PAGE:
Working Dogs for Conservation began in 2000 by four women who were not only scientists but dog trainers. Initially, the working dogs were trained to detect scat (poo) from a variety of animal species. They are now trained to detect live animals and plants as well.
A lot of data can be extracted from scat which enables scientists to identify species, sex, individuals, population size, relative abundance, food habits, parasite loads, and much more. This data can only be obtained if you can find the scat. And that’s just what these working dogs do.
Working Dogs for Conservation (WDC) is a leader in this fascinating field, having worked in 5 different countries and with over 30 different species. The handlers (trainers) have trained working dogs to sniff out various species by their scent – usually found in scat but also other signs.
The term “working dogs” is not the same as the American Kennel Club’s designation of Working Group dogs. Most of the dogs WDC uses fall under the Herding Group under AKC guidelines. Regardless of designation, these dogs are medium-sized to large, high-energy breeds, with a strong “toy” focus.
The breeds used by WDC include: German Shepherd, Black Labrador, Belgian Malinois, Australian Shepherd, and Border Collie. Read bios about these amazing dogs.
Bloodhounds hold a long tradition as being the “best” at tracking, especially in following older, fainter scent trails. However, they do not work as well off-leash [American Rescue Dog Association] and are thus not as capable for conservation work. Besides the dogs already mentioned, Golden Retrievers are also highly suitable for this sort of work.
“We provide a second chance for hard to place, high-energy shelter dogs and incorporate our dogs into our lives completely. Our dogs work with us, live with us, and are members of our families from the moment we acquire them through retirement and beyond.” –Kathryn Socie, Working Dogs for Conservation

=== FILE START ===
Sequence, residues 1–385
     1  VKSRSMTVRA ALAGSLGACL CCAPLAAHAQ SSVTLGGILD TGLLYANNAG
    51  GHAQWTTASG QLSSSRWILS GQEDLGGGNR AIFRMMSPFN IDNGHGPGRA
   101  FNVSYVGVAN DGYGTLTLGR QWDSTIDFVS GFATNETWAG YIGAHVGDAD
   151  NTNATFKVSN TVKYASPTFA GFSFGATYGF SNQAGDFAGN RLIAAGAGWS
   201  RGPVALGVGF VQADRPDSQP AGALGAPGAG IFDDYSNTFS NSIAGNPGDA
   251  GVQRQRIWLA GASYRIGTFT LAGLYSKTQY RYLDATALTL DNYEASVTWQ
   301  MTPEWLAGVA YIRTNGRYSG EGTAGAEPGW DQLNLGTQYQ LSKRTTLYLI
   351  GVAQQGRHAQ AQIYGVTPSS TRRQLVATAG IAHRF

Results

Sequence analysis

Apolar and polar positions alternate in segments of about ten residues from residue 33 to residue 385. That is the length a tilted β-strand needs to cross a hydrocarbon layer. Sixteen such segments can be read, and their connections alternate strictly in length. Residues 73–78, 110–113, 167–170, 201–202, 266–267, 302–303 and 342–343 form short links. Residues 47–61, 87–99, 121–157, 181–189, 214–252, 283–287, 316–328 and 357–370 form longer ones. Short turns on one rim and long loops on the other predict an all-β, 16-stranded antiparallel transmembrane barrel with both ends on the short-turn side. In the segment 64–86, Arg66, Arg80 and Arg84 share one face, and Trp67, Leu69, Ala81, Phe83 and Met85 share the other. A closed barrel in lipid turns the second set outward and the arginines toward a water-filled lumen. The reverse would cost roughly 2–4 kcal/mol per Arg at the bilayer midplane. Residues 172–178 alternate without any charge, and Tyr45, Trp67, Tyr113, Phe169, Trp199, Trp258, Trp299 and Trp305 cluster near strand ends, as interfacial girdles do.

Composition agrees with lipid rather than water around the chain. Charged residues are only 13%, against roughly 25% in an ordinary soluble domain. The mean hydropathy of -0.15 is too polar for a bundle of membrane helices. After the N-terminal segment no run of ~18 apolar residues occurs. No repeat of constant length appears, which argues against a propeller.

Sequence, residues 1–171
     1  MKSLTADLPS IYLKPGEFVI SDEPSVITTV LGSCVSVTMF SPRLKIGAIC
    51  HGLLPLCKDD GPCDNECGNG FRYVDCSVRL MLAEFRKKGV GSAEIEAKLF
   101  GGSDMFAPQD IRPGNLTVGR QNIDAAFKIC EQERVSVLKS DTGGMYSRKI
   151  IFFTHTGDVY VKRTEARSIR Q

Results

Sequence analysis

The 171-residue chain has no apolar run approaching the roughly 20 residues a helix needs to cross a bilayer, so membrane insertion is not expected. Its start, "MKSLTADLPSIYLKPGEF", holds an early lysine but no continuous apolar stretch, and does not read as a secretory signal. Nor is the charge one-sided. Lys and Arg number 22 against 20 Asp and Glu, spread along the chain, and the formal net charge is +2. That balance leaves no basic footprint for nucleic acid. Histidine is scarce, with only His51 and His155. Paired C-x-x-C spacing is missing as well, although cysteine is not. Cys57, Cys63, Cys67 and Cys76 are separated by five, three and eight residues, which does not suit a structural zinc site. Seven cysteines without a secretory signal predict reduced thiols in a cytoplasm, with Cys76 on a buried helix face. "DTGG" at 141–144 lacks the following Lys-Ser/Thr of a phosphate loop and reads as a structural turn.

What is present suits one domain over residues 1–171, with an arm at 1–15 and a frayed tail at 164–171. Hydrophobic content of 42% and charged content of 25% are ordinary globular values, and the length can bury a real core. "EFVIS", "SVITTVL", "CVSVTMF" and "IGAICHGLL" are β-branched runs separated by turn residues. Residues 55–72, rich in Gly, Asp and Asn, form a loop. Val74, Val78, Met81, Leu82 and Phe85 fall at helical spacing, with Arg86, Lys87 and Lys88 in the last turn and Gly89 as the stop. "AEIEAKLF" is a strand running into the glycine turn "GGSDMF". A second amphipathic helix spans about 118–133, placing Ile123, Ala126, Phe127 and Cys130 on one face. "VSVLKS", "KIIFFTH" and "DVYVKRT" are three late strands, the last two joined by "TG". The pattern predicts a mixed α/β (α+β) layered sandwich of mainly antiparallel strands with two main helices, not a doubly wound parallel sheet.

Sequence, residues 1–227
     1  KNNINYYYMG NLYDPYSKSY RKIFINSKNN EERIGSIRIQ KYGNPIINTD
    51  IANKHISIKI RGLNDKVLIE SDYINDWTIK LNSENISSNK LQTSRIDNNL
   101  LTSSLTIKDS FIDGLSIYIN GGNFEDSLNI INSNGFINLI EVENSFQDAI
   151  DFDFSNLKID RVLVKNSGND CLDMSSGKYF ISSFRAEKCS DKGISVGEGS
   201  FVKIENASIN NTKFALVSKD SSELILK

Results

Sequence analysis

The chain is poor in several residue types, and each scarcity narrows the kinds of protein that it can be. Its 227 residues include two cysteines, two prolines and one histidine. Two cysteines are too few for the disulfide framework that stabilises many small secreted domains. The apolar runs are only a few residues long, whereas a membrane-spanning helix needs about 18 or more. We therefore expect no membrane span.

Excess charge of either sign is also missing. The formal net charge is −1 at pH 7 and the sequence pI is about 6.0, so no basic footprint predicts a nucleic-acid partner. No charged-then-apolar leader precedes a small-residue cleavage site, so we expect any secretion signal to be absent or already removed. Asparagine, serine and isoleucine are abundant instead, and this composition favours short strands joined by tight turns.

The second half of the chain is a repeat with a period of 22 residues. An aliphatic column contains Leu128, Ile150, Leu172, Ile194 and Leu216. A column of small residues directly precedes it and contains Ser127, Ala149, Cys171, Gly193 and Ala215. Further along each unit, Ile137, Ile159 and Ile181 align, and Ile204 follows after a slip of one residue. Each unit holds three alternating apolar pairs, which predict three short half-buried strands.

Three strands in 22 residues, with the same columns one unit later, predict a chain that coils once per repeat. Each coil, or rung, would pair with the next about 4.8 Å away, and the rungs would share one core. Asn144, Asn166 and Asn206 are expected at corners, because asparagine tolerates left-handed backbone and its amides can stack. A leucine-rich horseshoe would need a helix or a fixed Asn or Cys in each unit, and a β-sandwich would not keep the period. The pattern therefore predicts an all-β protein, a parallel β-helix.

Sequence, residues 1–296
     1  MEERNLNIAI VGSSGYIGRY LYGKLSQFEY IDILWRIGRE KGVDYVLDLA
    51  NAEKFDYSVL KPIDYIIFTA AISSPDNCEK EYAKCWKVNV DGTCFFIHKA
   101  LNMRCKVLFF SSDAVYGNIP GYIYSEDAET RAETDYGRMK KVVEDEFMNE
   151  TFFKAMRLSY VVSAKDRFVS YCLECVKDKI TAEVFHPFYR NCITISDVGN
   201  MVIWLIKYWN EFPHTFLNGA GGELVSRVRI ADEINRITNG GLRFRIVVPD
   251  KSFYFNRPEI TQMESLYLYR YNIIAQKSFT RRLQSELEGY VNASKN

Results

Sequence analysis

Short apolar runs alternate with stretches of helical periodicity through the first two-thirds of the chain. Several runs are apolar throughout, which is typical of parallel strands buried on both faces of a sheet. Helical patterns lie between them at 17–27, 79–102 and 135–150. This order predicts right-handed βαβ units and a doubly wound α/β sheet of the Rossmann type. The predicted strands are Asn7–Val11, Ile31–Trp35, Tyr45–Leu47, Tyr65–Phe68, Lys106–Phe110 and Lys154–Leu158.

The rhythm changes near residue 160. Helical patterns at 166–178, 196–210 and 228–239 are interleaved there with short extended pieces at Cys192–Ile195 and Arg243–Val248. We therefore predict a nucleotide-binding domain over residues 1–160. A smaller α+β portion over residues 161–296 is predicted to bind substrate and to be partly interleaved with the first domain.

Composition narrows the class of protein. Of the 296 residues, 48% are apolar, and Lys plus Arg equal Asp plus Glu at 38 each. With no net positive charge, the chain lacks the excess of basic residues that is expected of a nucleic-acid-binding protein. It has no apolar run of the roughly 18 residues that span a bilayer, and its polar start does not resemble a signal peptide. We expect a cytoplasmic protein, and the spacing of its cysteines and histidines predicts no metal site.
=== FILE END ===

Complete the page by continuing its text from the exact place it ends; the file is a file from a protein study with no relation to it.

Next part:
WDC dogs have been working on numerous projects that involve a wide range of species as well as habitat types. Dogs are trained to be able to differentiate between similar species and not just animals.
Working Dogs projects in 2009:
- Montana: Research into the olfactory capabilities of dogs in detecting various noxious weeds in collaboration with the University of Montana.
- Hawaii: Research into the application of dogs to search for the invasive snail Euglandina rosea, considered one of the world’s 100 worst invaders with Oahu Army Natural Resources Program and the University of Hawaii.
- Illinois: Franklin’s ground squirrel detection for University of Illinois, Department of Natural Resources and Environmental Sciences.
- Montana/Idaho: Fisher scat detection for the United States Forest Service, Rocky Mountain Research Station.
- Montana/Idaho: WDC led grizzly bear, wolf, lynx, fisher and wolverine, scat detection in collaboration with the Great Burn Study Group.
- Washington: Multiple forest carnivore scat detection with Montana State University’s Western Transportation Institute’s Cascades Connectivity Project.
- New Jersey: Training conservation dog team to detect live bog turtles with NJ Division of Fish and Wildlife, ENSP.
- Species Screening: WDC led research into screening of samples collected by humans for identification of snow leopard scats in collaboration with the International Snow Leopard Trust.
Working Dogs for Conservation uses “totally crazy” rescued dogs to find scats, live animals and plants. They have three main conservation priorities: 1) corridors and connectivity; 2) invasive species; and 3) monitoring (endangered species, renewable energy impacts, human/wildlife conflict, etc.) The potential for wide-scale conservation, including a lot of bird conservation projects, is practically limitless. Stay tuned for more information on conservation canines and some project ideas that could help increase bird conservation.
Thanks to Kathryn Socie of Working Dogs for Conservation for information and photos for this article!